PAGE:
CIDM Information Management News March 2015: Breaking the Expert’s Curse
Breaking the Expert’s Curse
JoAnn Hackos, Comtech Services, Inc.
Do you ever become so familiar with the products you are documenting that you forget what it was like to be a beginner? Do you try to compensate by explaining every button and field in the software because you don’t remember what was obvious? If so, you may be suffering from the Expert’s Curse.
In the February issue of the Harvard Business School Working Knowledge,1 Carmen Nobel describes the research of Ting Zhang, a doctoral student in Organizational Behavior at Harvard Business School. Nobel asserts that experts make terrible teachers. Yet, novices seek out experts, a common method of working for information developers who go to product developers to understand how the product works and how it will benefit the customers.
Unfortunately, experts have an empathy gap. They no longer remember what it was like to be a beginner. In fact, the same empathy gap occurs for information developers who become so familiar with the products they write about they have forgotten what a newbie needs to know.
Apparently, researchers like Zhang call this the “curse of knowledge.” Her focus is to discover how to break the curse by finding ways to help experts retain or rediscover the novice’s point of view.
If you’re like me, you can get pretty frustrated working with beginners. Why can’t they see what looks so obvious to me? Why do they keep missing the clearly visible signals on the screen or in the controls? How can I help them when I just don’t experience what they do?
One of Zhang’s primary recommendations is the same one I used when I was directing a large group of writers: “Make notes when you’re learning. Jot down the things that were unclear to you. Keep making those notes as you progress. Then, when you’re ready to write, go back to your notes to help you remember.”
Unfortunately, that recommendation loses its effectiveness if you keep working with the same product for months or years. Everything becomes familiar, that is, until they completely redesign the interface.
Zhang’s research looked at ways to help experts recover their novice points of view. She asked a group of 169 college students to record their summer-internship experiences in diaries. After two months, they received a questionnaire. Half of the students were sent their diaries, and half were not.
Then, the students were asked to give advice to future interns for the following summer. These new interns reviewed the advice and gave their feedback. As you might expect, the students who had reviewed their diaries gave much better, much more detailed and pointed advice to the newbies. The best advice was very specific, telling the new interns to “Make sure to seek out a mentor, and get that person to explain exactly what you’ll be doing.” The students who did not have diaries to reference gave vague suggestions like “you’ll learn a lot during the summer.”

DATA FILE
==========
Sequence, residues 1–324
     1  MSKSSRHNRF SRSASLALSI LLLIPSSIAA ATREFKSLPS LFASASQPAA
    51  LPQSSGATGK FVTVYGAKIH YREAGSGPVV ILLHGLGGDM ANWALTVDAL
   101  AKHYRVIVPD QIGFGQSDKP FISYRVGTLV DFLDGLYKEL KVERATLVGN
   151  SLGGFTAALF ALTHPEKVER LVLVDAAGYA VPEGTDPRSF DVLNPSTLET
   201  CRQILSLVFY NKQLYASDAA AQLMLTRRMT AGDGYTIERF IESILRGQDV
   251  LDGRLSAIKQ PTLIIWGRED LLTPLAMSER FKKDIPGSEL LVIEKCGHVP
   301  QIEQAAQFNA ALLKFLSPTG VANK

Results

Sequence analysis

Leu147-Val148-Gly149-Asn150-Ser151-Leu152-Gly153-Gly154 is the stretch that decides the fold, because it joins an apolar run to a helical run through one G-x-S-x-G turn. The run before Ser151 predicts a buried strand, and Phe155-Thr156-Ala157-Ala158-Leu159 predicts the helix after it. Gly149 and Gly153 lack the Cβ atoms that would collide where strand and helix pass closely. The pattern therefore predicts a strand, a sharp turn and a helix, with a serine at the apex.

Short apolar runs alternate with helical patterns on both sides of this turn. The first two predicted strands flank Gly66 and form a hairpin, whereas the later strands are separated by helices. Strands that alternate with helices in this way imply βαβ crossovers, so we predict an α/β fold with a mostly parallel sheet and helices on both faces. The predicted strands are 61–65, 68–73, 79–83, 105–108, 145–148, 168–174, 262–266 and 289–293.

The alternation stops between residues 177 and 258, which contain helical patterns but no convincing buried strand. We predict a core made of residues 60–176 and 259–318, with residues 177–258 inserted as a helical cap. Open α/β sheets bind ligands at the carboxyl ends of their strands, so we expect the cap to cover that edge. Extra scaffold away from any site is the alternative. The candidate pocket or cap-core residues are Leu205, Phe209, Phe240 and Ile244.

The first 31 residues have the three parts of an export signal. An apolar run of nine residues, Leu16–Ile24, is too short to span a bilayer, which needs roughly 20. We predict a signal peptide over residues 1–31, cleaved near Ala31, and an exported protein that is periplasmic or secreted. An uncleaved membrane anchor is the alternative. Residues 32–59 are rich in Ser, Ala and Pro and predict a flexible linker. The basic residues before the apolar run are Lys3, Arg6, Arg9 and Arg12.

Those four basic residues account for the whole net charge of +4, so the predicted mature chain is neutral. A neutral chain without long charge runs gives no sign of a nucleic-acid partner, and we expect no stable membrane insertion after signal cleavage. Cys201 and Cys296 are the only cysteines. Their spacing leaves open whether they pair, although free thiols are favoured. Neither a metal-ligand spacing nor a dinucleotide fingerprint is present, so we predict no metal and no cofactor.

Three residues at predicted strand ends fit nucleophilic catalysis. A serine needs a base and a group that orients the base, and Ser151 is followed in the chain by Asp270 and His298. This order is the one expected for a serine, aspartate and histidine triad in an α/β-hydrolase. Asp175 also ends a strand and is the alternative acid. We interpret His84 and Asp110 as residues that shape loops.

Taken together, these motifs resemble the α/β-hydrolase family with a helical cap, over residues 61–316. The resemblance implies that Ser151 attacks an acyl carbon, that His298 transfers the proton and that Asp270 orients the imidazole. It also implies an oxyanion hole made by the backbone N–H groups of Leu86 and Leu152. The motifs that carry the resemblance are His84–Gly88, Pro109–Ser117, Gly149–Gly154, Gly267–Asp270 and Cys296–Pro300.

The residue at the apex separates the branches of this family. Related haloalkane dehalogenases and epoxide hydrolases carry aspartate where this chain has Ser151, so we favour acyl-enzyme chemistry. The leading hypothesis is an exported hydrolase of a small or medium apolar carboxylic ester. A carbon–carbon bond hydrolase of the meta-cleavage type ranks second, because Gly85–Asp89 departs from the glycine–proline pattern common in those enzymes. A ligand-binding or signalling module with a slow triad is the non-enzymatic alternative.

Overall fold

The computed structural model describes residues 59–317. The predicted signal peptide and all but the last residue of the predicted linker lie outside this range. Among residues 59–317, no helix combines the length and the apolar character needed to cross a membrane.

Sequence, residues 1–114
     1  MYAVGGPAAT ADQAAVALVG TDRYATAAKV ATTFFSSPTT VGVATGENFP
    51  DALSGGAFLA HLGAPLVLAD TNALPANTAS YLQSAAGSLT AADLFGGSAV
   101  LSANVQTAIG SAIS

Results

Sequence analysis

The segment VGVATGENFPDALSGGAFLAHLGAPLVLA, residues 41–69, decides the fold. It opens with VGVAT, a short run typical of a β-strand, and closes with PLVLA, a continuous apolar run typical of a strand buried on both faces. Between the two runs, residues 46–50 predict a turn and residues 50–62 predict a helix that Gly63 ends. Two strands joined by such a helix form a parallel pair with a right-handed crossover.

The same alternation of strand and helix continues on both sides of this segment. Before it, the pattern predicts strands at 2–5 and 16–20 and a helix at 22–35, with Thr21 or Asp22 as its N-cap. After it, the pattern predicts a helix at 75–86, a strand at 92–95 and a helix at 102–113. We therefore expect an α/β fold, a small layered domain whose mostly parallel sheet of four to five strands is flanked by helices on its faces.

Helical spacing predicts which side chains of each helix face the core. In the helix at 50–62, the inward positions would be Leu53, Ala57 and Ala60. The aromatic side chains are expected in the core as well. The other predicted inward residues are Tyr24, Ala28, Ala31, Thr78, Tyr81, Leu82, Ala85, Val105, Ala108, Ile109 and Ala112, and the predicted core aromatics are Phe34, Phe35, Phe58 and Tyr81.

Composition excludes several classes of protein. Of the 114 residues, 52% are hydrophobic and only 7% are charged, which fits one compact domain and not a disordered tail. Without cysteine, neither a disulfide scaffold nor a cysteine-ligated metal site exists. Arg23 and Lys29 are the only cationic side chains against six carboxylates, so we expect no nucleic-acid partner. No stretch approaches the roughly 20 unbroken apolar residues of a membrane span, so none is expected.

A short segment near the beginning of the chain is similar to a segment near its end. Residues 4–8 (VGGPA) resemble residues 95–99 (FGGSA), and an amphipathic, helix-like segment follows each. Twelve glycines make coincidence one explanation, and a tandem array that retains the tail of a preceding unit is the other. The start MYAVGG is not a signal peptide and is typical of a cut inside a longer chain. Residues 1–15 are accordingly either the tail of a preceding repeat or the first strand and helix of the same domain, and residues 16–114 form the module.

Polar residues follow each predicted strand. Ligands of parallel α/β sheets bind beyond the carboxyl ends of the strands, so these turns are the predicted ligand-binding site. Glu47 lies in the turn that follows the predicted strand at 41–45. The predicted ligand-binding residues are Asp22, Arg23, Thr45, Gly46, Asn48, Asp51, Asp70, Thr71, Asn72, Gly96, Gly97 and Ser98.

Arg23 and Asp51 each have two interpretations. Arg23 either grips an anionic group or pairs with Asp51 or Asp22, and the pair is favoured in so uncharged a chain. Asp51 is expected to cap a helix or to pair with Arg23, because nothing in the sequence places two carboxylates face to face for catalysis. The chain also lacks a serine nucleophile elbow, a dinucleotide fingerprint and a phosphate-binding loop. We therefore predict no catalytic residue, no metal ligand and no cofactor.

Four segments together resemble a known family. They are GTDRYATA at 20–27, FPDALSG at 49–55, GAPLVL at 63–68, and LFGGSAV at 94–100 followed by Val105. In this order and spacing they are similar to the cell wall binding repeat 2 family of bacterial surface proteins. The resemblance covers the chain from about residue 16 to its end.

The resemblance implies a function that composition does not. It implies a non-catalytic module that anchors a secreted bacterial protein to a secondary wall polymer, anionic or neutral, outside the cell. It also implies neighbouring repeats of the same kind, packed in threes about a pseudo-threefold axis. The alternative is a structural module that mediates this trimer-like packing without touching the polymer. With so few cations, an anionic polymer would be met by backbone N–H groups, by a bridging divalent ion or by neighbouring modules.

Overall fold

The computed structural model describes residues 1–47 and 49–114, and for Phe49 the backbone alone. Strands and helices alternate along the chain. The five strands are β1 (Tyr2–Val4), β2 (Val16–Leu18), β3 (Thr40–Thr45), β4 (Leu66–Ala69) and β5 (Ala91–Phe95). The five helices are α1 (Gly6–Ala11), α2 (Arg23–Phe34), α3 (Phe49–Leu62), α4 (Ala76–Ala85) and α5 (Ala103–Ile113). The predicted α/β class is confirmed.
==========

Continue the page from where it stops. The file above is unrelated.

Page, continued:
In her second experiment, Zhang worked with a group of experienced guitarists, asking them to give advice to a group of beginners. She divided the experienced players in half, asking one group to prepare for the lessons by practicing as they normally would. The other half of experienced players was told to practice playing the guitar with the other hand, not the hand they usually played with. Those who fingered the frets with their right hands had to practice fingering with their lefts hands. You can just imagine how awkward that felt.
As a result of the hand shift, the experienced guitarists felt and sounded like beginners. After watching a video of a beginning, both groups were asked to make some suggestions to help. The hand-shift group had much more empathy with the beginners. They had rediscovered what it felt like to be new at playing.
Zhang then asked a group of beginning guitarists to review and evaluate the advice given by the experienced players. They clearly favored the advice from the experts who had relived the beginning experience. Like the student interns, the advice from the hand shifting group was much more explicit and detailed than the advice from the control group. The hand shifting experts were also a lot more sympathetic with the beginners, offering encouraging comments along with their suggestions.
The Harvard researchers haven’t yet conducted their experiment in a corporate setting, but they hope to. I would suggest that they use those of us involved in information development as a test case and that they include the larger collaborative team. I would want to bring together a product developer, information developer, trainer, and support team member.
I suspect, as Zhang does, that rediscovering what it feels like to be a newbie can feel quite uncomfortable for some team members. Even watching beginners during a usability test can be uncomfortable. I remember a lead developer, observing a customer trying the new software, exclaim to the usability team: “Where did you find such a dumb user?” We had to explain that this “dumb user” was the chief architect for their major customer. That lead developer became one of our strongest advocates for usability testing.
So here is my question: How do you, as an experienced information developer, regain the perspective of the novice?
I would love to hear from you about techniques you use to avoid the Expert’s Curse.
And just in case: here is the note that concludes Carmen Nobel’s article about Zhang’s research:
“Note to managers: If your organization is interested in participating in a field study on rediscovery, please visit The Research Exchange, or email firstname.lastname@example.org with the subject ‘Research Exchange Field Study.'”
Perhaps you’d be interested in helping to increase our understanding of how to communicate and be empathetic with those who are first learning to do what we so thoroughly understand.